Sunday, 31 January 2016

Typical food triggers creation of regulatory T cells

Typical food triggers immune tolerance in the small intestine. Credit: IBS

Researchers document how normal diet establishes immune tolerance conditions in the small intestine

Our immune system evolved to attack foreign materials entering our body. Food is technically foreign, but it is somehow tolerated by the immune system so that our body can absorb the nutrients. The immune system has built-in tolerance mechanisms that harness itself from responding to benign foreign antigens beneficial to our system, like food. When such tolerance fails, we suffer from an overt immune reaction, such as food allergies, which can be severe enough to be fatal. Despite the increasing incidence and severity of food allergies, the details on how immune tolerance to dietary antigens is normally established remain largely unknown. Scientists from the Academy of Immunology and Microbiology (AIM) within IBS in South Korea have recently uncovered one of the key mechanisms in the small intestine that triggers this process.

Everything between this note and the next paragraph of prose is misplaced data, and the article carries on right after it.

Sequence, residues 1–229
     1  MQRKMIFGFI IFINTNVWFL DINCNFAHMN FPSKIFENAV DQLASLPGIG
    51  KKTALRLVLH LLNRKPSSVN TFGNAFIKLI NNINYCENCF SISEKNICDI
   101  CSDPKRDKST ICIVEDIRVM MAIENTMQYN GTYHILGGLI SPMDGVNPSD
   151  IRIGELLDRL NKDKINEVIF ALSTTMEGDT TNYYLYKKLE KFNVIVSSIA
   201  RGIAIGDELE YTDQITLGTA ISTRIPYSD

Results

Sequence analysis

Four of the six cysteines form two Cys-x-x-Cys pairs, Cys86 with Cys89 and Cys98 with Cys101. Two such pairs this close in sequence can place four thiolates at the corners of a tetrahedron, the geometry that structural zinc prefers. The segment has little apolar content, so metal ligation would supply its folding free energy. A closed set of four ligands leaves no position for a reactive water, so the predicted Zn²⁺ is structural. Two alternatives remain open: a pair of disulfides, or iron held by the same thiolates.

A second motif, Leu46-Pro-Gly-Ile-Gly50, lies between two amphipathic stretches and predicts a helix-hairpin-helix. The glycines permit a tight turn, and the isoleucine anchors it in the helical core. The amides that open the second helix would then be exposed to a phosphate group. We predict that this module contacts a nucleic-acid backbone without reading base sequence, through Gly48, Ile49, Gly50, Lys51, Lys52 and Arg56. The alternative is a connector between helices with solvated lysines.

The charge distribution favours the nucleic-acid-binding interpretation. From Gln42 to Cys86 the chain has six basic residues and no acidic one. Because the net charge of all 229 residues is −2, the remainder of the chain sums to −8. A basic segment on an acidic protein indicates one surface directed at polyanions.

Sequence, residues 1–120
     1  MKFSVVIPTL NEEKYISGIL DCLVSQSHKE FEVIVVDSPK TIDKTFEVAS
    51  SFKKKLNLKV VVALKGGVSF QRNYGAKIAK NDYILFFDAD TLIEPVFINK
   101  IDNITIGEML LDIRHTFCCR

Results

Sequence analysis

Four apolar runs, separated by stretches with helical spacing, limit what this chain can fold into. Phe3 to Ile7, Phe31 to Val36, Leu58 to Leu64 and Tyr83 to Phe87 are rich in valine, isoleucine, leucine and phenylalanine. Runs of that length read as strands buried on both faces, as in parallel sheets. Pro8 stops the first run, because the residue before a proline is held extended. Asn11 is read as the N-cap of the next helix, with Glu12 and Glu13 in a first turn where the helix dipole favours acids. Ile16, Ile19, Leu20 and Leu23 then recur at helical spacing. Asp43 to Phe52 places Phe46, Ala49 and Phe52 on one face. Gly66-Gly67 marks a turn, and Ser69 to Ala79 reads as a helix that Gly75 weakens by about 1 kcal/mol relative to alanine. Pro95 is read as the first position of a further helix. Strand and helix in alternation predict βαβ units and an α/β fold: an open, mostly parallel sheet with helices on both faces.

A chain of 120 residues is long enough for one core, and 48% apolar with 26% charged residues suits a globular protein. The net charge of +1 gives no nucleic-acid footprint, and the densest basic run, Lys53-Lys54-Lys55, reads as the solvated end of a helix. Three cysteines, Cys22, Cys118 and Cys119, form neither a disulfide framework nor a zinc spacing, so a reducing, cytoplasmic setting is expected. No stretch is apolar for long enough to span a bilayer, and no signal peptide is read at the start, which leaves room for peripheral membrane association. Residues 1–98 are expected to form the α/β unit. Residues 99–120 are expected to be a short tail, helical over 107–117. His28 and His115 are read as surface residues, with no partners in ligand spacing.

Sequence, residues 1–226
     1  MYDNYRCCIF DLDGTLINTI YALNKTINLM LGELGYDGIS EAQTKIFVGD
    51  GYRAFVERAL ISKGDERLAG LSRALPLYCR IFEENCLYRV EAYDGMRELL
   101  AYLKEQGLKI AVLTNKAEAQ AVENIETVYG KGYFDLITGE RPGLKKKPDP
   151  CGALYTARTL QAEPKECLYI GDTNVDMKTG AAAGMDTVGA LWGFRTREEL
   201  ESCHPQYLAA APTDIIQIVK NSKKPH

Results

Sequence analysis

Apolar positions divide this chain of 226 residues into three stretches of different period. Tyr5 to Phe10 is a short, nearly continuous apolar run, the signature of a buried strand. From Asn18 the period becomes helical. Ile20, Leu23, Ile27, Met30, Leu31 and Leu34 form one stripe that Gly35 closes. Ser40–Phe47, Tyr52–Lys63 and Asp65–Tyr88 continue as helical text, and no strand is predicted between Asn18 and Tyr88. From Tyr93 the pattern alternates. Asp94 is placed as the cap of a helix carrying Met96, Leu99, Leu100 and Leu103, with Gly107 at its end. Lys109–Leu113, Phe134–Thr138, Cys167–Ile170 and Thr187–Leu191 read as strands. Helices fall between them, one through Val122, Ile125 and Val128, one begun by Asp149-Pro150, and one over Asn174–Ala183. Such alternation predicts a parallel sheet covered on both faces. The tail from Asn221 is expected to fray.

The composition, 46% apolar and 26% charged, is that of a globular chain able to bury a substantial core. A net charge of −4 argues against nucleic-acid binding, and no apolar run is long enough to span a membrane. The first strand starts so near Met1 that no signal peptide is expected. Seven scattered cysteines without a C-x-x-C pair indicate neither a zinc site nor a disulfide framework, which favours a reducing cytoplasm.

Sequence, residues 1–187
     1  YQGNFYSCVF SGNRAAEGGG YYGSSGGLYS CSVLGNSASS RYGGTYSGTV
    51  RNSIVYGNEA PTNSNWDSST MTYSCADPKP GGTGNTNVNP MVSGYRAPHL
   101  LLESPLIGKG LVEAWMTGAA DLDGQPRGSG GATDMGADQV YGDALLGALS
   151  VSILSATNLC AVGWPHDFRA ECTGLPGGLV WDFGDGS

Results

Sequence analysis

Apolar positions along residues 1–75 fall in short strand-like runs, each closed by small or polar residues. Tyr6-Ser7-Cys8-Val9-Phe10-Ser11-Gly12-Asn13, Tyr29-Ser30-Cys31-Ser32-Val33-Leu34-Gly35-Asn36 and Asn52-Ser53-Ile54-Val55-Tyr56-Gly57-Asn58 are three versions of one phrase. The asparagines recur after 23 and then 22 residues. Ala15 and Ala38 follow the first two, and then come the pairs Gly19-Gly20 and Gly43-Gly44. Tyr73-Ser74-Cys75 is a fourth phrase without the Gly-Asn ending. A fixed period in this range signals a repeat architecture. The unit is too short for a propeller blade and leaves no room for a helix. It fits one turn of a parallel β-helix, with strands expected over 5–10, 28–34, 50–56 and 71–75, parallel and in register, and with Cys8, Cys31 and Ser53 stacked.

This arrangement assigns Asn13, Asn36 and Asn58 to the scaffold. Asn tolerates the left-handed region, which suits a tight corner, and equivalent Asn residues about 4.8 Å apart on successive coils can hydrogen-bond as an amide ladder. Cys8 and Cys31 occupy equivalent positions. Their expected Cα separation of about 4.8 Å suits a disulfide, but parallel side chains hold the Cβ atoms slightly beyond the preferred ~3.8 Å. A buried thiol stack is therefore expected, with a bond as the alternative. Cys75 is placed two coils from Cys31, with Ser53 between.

Typical food triggers creation of regulatory T cells

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